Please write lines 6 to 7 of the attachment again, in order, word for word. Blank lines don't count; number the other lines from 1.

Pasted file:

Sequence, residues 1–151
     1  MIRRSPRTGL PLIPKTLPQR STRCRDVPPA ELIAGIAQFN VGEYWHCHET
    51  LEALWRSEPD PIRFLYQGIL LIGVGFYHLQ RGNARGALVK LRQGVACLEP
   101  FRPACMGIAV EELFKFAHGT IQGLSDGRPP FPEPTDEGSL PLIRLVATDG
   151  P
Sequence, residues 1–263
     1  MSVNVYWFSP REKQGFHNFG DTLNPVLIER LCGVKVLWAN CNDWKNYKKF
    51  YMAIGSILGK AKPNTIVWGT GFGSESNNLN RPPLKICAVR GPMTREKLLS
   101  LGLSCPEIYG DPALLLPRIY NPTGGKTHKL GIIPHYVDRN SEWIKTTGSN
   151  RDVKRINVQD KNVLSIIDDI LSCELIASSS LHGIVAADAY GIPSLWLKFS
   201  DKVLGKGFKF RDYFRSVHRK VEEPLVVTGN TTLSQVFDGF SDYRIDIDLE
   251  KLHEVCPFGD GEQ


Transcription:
Sequence, residues 1–263
     1  MSVNVYWFSP REKQGFHNFG DTLNPVLIER LCGVKVLWAN CNDWKNYKKF